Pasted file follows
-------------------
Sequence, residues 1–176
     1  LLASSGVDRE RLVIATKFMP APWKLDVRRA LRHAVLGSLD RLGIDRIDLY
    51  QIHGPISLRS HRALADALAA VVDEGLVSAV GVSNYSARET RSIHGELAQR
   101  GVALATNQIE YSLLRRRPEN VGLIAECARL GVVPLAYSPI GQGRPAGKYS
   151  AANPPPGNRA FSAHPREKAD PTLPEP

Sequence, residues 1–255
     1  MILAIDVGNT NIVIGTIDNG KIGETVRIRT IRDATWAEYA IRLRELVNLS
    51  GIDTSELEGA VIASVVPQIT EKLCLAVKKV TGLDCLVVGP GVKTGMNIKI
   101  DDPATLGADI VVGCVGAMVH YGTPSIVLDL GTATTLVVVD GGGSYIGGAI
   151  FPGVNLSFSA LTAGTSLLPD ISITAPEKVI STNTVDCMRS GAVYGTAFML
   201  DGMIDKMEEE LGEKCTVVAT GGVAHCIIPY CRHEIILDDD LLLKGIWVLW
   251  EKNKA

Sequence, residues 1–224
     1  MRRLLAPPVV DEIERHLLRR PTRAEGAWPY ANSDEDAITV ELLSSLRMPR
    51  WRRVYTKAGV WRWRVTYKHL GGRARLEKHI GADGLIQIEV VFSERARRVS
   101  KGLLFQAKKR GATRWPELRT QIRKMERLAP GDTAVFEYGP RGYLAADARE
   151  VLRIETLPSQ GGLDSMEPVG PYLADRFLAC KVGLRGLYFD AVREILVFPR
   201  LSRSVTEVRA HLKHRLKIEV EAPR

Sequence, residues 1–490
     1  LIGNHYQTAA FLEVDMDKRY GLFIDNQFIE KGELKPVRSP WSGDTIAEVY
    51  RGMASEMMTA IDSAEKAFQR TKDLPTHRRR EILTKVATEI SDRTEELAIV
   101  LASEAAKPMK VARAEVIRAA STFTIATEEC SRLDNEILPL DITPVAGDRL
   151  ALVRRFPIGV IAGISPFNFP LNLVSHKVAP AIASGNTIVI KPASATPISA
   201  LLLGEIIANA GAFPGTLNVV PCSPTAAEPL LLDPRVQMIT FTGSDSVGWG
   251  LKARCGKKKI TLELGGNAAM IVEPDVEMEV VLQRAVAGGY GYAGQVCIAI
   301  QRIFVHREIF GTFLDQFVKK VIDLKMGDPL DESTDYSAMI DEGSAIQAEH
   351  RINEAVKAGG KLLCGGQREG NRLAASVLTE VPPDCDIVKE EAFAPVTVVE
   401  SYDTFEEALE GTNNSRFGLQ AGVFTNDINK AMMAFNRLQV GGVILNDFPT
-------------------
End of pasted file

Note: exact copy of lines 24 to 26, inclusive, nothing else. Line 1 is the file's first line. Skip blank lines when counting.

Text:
   201  LLLGEIIANA GAFPGTLNVV PCSPTAAEPL LLDPRVQMIT FTGSDSVGWG
   251  LKARCGKKKI TLELGGNAAM IVEPDVEMEV VLQRAVAGGY GYAGQVCIAI
   301  QRIFVHREIF GTFLDQFVKK VIDLKMGDPL DESTDYSAMI DEGSAIQAEH